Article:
Microsoft's Updated 'Code of Conduct' Forbids Offensive Language On Xbox Live, Skype

Your mama, and now Microsoft, wants you to watch your mouth. Microsoft "may stop providing Services" or "close your Microsoft account" if you "publicly display or use the Services to share inappropriate content or material". "Offensive language" was listed as potentially inappropriate content. The new services agreement was posted this month and will go into effect Tuesday, May 1st for U.S. users. 

The service agreement applies to a number of Microsoft services such as Bing, Cortana, Office, Skype, and Xbox Live. If one's Microsoft services are cancelled, either by themselves or by Microsoft, they will lose their licenses and other products they have acquired. They will no longer have access to their data or content as well. Microsoft also reserves the right to block delivery of communication to or from their services or remove/refuse to publish a person's content if a user violates the services agreement.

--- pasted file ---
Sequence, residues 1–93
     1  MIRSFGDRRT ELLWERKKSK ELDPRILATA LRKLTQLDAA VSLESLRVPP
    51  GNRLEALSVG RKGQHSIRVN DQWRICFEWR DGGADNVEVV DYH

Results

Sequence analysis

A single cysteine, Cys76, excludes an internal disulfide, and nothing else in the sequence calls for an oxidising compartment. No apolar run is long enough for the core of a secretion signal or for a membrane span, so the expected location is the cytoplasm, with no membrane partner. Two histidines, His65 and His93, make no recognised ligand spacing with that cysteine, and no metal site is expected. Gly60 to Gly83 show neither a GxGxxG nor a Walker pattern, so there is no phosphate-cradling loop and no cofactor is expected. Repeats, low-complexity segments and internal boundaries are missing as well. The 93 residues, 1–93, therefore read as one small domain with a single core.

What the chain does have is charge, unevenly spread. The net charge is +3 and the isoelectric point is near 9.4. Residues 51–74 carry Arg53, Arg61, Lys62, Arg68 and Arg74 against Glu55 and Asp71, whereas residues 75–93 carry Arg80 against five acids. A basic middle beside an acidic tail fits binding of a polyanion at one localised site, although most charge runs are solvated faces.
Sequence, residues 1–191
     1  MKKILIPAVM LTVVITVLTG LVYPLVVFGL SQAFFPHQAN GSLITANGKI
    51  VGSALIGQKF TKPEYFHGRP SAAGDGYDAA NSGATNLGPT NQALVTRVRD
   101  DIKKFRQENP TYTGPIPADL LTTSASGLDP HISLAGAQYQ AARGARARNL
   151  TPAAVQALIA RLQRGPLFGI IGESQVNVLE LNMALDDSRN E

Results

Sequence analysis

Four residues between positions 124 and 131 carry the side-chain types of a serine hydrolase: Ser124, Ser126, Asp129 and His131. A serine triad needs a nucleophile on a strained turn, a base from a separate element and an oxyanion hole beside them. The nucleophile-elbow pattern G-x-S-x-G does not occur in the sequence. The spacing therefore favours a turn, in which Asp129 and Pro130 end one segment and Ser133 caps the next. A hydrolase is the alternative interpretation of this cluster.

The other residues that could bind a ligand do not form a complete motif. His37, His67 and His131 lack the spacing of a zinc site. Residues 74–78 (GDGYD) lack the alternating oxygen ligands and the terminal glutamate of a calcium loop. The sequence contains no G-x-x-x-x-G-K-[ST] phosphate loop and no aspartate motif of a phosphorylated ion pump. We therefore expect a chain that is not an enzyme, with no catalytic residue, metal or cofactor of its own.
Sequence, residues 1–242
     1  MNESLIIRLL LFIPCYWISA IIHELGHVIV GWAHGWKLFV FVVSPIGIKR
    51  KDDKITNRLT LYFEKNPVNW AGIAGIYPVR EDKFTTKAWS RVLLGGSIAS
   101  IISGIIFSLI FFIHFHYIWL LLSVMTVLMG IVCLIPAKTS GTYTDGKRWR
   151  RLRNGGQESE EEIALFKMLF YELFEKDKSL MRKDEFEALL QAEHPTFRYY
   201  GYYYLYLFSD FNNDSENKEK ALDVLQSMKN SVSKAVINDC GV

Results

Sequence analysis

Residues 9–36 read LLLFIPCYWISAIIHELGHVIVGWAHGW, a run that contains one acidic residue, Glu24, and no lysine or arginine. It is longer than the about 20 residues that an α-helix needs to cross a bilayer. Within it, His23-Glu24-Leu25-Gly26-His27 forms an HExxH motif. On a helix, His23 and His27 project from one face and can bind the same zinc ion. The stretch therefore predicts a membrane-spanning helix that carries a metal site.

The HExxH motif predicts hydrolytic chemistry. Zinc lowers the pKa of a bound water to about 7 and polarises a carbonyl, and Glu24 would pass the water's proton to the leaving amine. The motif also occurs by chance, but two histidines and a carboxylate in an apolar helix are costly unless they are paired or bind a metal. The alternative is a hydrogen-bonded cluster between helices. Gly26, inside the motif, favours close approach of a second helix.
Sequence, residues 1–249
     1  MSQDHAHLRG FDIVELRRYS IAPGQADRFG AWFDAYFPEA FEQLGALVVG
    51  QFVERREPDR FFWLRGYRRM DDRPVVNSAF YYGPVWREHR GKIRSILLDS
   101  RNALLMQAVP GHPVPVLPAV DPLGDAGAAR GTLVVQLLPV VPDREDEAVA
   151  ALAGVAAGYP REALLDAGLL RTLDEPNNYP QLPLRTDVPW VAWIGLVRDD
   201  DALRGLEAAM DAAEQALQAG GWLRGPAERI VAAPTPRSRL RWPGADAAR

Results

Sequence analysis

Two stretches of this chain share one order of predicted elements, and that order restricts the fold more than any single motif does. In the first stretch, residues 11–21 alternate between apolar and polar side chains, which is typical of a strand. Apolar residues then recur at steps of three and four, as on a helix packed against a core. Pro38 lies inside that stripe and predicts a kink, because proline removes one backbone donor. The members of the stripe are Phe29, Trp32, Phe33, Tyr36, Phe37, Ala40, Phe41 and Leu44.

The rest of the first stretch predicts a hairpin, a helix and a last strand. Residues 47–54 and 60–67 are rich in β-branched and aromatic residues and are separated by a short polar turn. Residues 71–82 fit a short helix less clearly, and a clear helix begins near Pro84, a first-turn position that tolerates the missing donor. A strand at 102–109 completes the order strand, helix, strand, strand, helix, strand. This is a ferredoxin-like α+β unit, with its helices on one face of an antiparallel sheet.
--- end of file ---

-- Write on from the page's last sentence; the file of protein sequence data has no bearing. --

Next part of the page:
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Microsoft does not offer a definition of "offensive language" or how they will evaluate what is offensive. It appears that this definition will be determined when Microsoft investigates the potential violation. The company states that its reserves "the right to review Your Content in order to resolve the issue. However, we cannot monitor the entire Services and make no attempt to do so." 

The consequences for Xbox Live customers is slightly different. These consequences include the assignment of a new Gamertag if the one a person creates is "inappropriate" and permanent suspension or device ban. Xbox Live users are also prohibited from posting "controversial content" such as "controversial religious content" or anything involving "notorious" people or organizations and sensitive current or historical events. 

Nudity, bestiality, pornography, graphic violence, and criminal activity would be considered "inappropriate content" as well. Microsoft is also cracking down on "activity that is harmful to you, the Services, or others" such as hate speech. Once again, Microsoft does not offer a definition of hate speech in their new Code of Conduct. 

It is believed that Microsoft's services agreement may be in response to the Fight Online Sex Trafficking Act (FOSTA), which was combined with the Stop Enabling Sex-Trafficking Act (SESTA). These bills make platforms responsible for users' content. FOSTA/SESTA have caused websites like Craigslist to close their "personals" sections. Opponents of the bills argue that the acts censor online speech and make it more difficult to track and arrest sex-traffickers.